Who We Are
Egyptian Electric Cooperative, currently headquartered in Murphysboro, Illinois, is a consumer-owned corporation that supplies electric power to members in portions of Jackson, Randolph, Perry, Williamson, and parts of St. Clair, Johnson, Union, Monroe, Franklin and Washington counties in southern Illinois. More than 14,900 households and businesses receive power from Egyptian Electric Cooperative. We are a distribution utility, meaning we do not generate our own electricity. We purchase our power from Southern Illinois Power Cooperative (SIPC) which is located south of Marion, Illinois, at Lake of Egypt. SIPC is a generating and transmission cooperative which is owned and controlled by the southern most rural electric cooperatives in the most southern region of Illinois, and that receive electricity from SIPC. Egyptian Electric is wholly owned by the people it serves, and is governed by nine board of directors, elected by members. Approximately 40 employees work for Egyptian Electric to serve its residential, commercial and industrial accounts.
A cooperative is organized as a not-for-profit utility. It does not sell stock and is not under pressure to earn profits for absentee stockholders. Co-ops are not-for-profit entities. Members invest in shares of the business to provide capital for a strong and efficient operation. All net savings (profits) left after bills are paid and money is set aside for operations and improvements are returned to the cooperative members, usually in the form of capital credits. Electric cooperatives were established to serve rural, less-densely populated areas, when no one would do it. Providing electric service in these areas has always tended to be more costly and difficult than in urban areas. Egyptian electric maintains over 1,900 miles of line, with an average of only 7 members per mile of line, compared to the investor-owned companies, that average 35 customers per mile of line.
Electric cooperatives are service-oriented, locally owned and governed by member-elected directors, providing service at the lowest possible costs. Anyone who buys electricity from an electric cooperative is a member; all members share ownership of the utility and have a voice in its operation. Each member has one vote in the election of the cooperative’s Board of Directors and in any other decision brought up at the cooperative’s annual meeting. Directors of the cooperative are members of the utility who serve without salary, except for a per diem and expenses to cover their out-of-pocket costs in serving the cooperative. The Board of Directors hire a general manger to take charge of operating the cooperative for the benefit of its members, as well as an attorney and auditor.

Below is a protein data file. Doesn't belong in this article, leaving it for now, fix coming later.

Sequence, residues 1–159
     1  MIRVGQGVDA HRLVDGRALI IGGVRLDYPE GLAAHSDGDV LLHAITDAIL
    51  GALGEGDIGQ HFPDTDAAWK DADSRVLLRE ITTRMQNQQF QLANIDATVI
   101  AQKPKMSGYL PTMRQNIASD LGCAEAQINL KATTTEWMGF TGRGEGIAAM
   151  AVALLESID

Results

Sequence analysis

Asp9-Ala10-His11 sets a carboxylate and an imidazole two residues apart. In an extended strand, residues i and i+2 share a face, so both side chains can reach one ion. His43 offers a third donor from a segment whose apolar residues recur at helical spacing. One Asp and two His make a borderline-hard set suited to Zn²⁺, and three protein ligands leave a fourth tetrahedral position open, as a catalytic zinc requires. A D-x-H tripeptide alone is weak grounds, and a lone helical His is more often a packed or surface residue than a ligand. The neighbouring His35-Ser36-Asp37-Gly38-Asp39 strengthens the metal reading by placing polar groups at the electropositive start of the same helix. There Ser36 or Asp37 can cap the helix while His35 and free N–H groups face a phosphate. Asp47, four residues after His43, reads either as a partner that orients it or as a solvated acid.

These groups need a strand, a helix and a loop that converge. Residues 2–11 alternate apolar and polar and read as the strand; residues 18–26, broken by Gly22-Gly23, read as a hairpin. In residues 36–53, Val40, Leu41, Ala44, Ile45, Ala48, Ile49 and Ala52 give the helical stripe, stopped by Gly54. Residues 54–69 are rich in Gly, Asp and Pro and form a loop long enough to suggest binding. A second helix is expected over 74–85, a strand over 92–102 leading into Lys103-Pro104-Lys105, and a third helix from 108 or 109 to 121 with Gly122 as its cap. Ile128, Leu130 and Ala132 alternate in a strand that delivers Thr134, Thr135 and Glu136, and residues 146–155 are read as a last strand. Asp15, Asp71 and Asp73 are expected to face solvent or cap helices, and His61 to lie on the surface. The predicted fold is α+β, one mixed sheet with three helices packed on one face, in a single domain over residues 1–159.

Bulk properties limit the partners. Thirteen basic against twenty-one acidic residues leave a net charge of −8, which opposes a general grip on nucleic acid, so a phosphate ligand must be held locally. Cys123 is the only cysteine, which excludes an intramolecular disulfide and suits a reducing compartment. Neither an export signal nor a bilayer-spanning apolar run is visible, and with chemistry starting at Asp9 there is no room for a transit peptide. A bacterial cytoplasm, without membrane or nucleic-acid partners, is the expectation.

Egyptian Electric and cooperatives worldwide generally operate using these seven principles:
1. Membership: Open to all without gender, social, racial, political, or religious discrimination.
2. Democratic Member Control: One member, one vote.
3. Member Economic Participation: Members contribute equitably to, and democratically control, the capital of the cooperative. The economic benefits of a cooperative operation are returned to the members, reinvested in the co-op, or used to provide member services.
4. Autonomy and Independence: Cooperatives are autonomous, self-help organizations controlled by their members.
5. Education, Training and Information: Cooperatives provide education and training for members so they can contribute effectively to the development of their cooperatives. They inform the general public about the nature and benefits of cooperation.
6. Cooperation among Cooperatives: Cooperatives serve their members most effectively and strengthen the cooperative movement by working together through local, regional, national and international structures.
7. Concern for the Community: While focusing on member needs, cooperatives work for the sustainable development of their communities through policies accepted by their members.